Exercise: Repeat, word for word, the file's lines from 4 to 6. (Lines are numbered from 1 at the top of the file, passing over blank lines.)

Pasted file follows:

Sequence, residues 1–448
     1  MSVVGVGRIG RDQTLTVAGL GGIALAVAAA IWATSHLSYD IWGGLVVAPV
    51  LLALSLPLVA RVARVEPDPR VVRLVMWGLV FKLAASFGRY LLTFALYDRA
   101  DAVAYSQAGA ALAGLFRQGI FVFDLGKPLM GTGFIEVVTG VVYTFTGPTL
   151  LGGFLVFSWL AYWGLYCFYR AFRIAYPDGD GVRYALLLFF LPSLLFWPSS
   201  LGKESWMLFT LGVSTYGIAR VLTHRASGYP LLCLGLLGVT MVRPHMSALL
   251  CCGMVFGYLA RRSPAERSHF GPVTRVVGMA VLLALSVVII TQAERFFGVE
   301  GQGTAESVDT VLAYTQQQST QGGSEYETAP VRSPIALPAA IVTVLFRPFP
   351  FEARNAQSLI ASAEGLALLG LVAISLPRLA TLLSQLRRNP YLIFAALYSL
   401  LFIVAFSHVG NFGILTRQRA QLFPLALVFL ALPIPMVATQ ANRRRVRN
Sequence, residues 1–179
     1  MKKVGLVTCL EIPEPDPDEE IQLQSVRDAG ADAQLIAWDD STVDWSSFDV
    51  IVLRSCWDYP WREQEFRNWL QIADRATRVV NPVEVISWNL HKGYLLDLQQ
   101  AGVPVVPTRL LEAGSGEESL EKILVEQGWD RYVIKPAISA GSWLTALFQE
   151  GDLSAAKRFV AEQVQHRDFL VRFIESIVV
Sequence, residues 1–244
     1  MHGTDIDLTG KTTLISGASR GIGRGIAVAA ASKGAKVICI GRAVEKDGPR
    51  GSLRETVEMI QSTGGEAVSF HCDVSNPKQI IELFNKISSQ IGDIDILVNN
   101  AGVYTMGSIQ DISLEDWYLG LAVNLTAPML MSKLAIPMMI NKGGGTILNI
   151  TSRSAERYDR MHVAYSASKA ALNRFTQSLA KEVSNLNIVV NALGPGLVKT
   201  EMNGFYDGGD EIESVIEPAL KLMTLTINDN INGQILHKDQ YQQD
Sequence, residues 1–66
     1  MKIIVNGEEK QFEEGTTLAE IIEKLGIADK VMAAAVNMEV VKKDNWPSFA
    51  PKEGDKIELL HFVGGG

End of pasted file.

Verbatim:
   101  DAVAYSQAGA ALAGLFRQGI FVFDLGKPLM GTGFIEVVTG VVYTFTGPTL
   151  LGGFLVFSWL AYWGLYCFYR AFRIAYPDGD GVRYALLLFF LPSLLFWPSS
   201  LGKESWMLFT LGVSTYGIAR VLTHRASGYP LLCLGLLGVT MVRPHMSALL